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The University of Otago language student bought a longboard two months ago and has not looked back since.
She travels to lectures, rain or shine, on her longboard and said it was pretty easy to learn and did not cost her anything to run.
"I am really enjoying it, it is very easy."
Sport Otago marketing co-ordinator Amanda Dyer said anything that helped people to be active in their everyday lives had her support.
She said that while there was potential for conflict between skateboarders and pedestrians, encouraging people to be active was very important.
"This is the challenge we all have - trying to accommodate pedestrians, cyclists and other road users, all competing for the same space," Ms Dyer said.
There is a bylaw in Dunedin that prohibits skateboarding in Moray Pl and several other busy pedestrian areas, like the Esplanade at St Clair, the Botanic Garden, John Wickliffe Plaza, Queen's Gardens and Princes St.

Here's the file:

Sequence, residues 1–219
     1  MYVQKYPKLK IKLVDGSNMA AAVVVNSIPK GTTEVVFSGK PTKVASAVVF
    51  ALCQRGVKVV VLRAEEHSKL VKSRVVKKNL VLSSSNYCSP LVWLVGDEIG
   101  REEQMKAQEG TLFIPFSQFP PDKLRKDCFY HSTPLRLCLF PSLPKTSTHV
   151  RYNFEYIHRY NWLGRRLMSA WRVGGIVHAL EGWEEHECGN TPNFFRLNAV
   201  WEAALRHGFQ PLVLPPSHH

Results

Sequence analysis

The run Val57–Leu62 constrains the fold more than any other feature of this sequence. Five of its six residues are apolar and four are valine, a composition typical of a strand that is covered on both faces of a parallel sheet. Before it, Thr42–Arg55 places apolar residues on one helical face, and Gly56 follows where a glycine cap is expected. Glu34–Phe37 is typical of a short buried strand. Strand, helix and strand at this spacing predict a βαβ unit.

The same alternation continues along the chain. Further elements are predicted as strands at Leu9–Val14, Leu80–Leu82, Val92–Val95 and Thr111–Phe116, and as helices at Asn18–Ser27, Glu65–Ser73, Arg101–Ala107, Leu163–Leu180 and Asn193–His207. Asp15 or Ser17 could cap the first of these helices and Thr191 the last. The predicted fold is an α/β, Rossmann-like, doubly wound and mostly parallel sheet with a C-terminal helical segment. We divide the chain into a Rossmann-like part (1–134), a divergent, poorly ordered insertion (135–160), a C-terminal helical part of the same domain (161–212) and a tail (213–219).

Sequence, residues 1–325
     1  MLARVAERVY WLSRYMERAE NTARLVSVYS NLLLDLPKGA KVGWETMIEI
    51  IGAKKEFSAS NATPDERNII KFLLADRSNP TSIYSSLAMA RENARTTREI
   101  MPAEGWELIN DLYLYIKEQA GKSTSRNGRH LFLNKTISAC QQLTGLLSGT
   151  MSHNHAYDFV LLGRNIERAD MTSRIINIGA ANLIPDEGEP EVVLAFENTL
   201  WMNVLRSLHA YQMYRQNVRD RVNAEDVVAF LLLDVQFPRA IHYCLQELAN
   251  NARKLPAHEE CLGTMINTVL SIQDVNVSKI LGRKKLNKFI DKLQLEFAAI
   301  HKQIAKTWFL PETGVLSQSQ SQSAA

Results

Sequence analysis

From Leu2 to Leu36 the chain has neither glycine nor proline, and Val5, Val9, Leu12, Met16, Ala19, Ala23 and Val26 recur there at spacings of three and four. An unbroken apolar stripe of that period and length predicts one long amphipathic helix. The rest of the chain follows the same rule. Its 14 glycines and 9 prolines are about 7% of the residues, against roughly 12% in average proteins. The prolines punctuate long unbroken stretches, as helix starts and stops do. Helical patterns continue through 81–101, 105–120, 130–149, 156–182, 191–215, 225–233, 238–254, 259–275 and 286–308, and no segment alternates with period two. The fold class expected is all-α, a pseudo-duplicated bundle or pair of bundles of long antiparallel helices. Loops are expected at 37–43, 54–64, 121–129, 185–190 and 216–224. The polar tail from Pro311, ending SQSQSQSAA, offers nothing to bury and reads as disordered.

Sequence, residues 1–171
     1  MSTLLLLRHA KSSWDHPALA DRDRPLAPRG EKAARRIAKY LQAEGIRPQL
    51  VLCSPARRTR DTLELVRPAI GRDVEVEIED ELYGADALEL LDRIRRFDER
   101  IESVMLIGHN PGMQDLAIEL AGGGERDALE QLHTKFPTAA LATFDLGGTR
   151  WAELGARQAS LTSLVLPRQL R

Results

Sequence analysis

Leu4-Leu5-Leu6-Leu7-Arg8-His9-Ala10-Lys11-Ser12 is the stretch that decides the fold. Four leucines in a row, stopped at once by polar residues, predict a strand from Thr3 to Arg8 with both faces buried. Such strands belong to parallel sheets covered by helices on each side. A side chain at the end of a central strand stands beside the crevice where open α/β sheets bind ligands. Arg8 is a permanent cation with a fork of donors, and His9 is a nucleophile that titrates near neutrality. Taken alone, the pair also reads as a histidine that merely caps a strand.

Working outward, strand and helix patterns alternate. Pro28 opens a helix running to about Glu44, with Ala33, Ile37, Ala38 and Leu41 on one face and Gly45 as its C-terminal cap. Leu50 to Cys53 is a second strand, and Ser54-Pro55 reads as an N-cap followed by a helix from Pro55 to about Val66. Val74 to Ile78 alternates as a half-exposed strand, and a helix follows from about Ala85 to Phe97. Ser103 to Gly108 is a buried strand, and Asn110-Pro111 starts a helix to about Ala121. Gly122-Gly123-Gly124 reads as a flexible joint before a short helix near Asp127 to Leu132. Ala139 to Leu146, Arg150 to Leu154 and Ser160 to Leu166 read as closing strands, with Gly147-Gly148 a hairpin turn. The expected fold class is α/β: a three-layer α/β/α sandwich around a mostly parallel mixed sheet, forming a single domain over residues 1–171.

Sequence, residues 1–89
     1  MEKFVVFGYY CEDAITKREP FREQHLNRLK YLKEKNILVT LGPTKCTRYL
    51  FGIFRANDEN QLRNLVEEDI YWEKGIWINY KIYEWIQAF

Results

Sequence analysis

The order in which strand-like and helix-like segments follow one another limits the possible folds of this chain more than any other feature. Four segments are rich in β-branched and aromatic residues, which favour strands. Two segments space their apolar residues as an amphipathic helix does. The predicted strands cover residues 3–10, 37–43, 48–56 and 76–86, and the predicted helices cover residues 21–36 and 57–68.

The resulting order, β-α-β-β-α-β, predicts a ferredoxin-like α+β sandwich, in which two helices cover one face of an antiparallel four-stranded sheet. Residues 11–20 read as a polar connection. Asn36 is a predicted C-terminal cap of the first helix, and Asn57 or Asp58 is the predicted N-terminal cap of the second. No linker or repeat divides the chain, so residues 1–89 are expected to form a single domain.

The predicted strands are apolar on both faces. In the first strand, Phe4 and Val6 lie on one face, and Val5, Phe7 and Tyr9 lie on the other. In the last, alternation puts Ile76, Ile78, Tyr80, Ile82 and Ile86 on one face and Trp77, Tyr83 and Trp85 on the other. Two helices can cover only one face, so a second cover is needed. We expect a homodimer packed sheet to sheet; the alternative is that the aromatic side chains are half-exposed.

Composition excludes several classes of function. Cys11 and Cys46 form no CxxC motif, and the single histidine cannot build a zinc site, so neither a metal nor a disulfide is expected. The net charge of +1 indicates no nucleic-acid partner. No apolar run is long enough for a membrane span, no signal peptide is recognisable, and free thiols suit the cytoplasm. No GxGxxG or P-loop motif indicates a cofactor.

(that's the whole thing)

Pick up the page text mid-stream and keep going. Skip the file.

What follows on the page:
A recent police press release reminded youth not to skateboard in prohibited areas, including central city malls and Albion Lane.
Senior Constable Heather Rei said that skateboarding in those areas was "extremely dangerous" and parents should make sure their children knew about the bylaw.
Ms Li said she did not even know there was a bylaw but she did not usually go through any of the banned areas anyway.
She said the footpaths along North Rd and Castle St to the university were easy to negotiate.
• You are allowed on the road but must keep as close as possible to the edge.
On the footpath:
• Ride carefully and show consideration for others on the footpath.
• Do not ride at speeds that put other footpath users at risk.
• Give way to pedestrians and drivers of mobility vehicles.